One interesting commentary on films is the very simple “Bechdel Test”, which requires that a movie (1) have at least two women in it, (2) who talk to each other (3) about something besides men. Sometimes there is the further requirement that the two characters be named, which eliminates quite a few movies. Once I was made aware of Bechdel, I started looking for it in movies. It’s amazing how few pass the test. For example, “Star Wars: The Force Awakens” barely passes it, because Rey talks to Maz about Rey’s destiny; when General Leia later speaks to Rey, it’s just one line and only from one of them. Major statistics analysis site 538 looked at 1,800 movies and found that only half passed this very simple test. When I pay attention to this, I’ve found plenty of big-budget movies (and low-budget ones) that either have fewer than two named women in the cast, or never have their women speak to each other, or they only speak about men. But watch the men in those same movies. There are dozens of named male characters who speak to each other regularly about multiple non-women topics.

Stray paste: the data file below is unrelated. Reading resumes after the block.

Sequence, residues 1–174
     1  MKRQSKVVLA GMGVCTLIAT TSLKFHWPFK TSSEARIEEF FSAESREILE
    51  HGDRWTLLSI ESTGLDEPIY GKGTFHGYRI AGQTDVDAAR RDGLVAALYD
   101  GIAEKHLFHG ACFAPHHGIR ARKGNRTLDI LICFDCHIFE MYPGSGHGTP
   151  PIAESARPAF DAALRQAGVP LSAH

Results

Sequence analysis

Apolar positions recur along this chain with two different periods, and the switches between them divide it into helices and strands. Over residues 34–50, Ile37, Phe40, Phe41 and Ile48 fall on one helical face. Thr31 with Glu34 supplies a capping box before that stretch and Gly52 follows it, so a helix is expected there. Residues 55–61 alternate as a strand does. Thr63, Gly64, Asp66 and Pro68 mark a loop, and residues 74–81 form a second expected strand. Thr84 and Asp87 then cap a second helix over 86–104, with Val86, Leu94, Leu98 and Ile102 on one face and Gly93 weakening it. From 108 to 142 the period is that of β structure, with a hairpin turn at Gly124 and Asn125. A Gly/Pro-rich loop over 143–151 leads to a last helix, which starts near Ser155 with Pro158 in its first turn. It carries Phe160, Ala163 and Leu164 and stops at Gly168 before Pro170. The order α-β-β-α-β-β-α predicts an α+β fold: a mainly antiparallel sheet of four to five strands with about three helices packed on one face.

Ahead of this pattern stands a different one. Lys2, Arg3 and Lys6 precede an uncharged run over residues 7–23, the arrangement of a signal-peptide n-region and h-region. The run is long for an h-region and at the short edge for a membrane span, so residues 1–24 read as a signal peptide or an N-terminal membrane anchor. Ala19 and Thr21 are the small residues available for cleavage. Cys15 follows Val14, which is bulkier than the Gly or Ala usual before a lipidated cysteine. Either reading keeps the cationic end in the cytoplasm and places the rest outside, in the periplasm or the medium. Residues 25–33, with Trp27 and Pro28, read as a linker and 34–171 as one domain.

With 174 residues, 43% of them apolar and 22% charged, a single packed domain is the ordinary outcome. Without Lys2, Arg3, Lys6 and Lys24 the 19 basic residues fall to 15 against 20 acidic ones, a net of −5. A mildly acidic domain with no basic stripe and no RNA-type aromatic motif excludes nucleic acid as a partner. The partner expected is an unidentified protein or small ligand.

Television is much the same as film. It seems to be doing slightly better on this front, but I couldn’t find any statistics saying so, except in the news industry, where women anchors reached parity with men in the 1990s (though men still dominate the newspaper industry). Sports on TV are still primarily men’s sports, and men’s sports much more often get prime time slots. Advertisements very often feature women in “traditional” roles of mother, wife, homemaker. Serial fiction TV shows have a long way to go too. When women characters do have jobs, they’re usually depicted as waitresses, secretaries, receptionists, nurses, and teachers. When women own businesses, they are very often bakeries or flower shops.